Cleaned up and new cover seal installed
  13. Remove the spring compressors from the spring and the assembly is done. Repeat for other side.

Polyurethane Control Arm Bushings

Next up for removal were the control arms. They are just a single bolt at the pivot, and the ball joint. The ball joint was stuck in my knuckle though, and I had to rent a set of heavy duty front end pullers to get them free. The easiest way to get them off was to put a good deal of pressure on them with the pullers, and then give the knuckle a good tap with a hammer near the stud. Got that method from another Z car guy out in Oregon (z_karma), and it worked like a charm.

Scissors type best for ball joint. Note that the nut is on to protect the threads of the stud from the puller.

Hat type puller for tie rod

Once the control arms are out, the bushings have to be removed. I tried this first by drilling them out in the method suggested by Gary Molitor, but it seriously overheated my drill. I switched over to MAPP gas, and I was done in about 5 minutes per arm... it makes very fast work of it.

Put the control arm in a vice (workmate or similar works best) with the bushing side over a bucket of water. Use the MAPP torch to heat the center of the bushing. Point the flame down the hole and have it shoot out the other side. This will very quickly heat the bushing's center rubber core and you will be able to push it away from the metal sleeve with an old screwdriver or something while you are heating. Then heat the center of the sleeve. It will soon be able to drop out into the bucket, and shortly after that the rest of the rubber will come loose and fall flaming to the water as well. Allow to cool and then a quick wire brush/light sanding to remove the soot, and these guys are ready for their new bushings.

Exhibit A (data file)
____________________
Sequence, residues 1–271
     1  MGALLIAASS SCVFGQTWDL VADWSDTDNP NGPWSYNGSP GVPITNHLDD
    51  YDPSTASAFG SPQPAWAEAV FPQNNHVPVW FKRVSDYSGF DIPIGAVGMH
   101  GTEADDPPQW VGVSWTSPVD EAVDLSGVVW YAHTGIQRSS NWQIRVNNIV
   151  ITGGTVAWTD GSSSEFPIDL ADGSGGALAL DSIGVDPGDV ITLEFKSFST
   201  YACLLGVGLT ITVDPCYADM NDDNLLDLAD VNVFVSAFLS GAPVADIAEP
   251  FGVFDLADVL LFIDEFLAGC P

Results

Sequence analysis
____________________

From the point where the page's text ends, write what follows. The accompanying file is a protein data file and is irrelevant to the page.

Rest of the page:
0 rubber remaining

Use plenty of grease with the installation of the bushings, as the poly parts will squeak. I used my workmate to slide the new bushings into place like a press. Don't get the bushing grease on yourself or tools, it is quite sticky and will be quite a mess for you to clean up. If you do go and get it all over, use brake parts cleaner to clean it up.

Use more than this, I added as it slid in, pulling grease

Nice and gooey

I had a set of new ball joints pressed in at the local NAPA at this point so that I would not have to worry about them in the future. It is a good idea to at least check if yours have slop while the control arms are out.

The reinstallation of the parts is simply the reverse of removal, with one exception. The wheel bearings should be repacked with fresh grease, as well as the recesses of the hub, as noted in the FSM. The bearing's lock nut also needs to be properly torqued and backed off 60°.

Note: The replacement of the strut cartridges can be completed without removal of the rotor/hub assembly as well. I chose to remove them because I wanted to repack the bearings and make sure they were properly torqued, and the rotors weight quite a bit and would have been cumbersome during the swap process. I removed the dust sheild to get it out of the way as well.

The feel of the car and handling has improved dramatically. The car feels like it corners quite flat now. It would pale in comparison to Jason's coilover setup, but it is definitely sporting now at least, instead of worn out and broken. Very much worth the time. Buy the master bushing kit now, do it!

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Service & Upgrades Cosmetic & Random Electronics & Computer Northeast z31s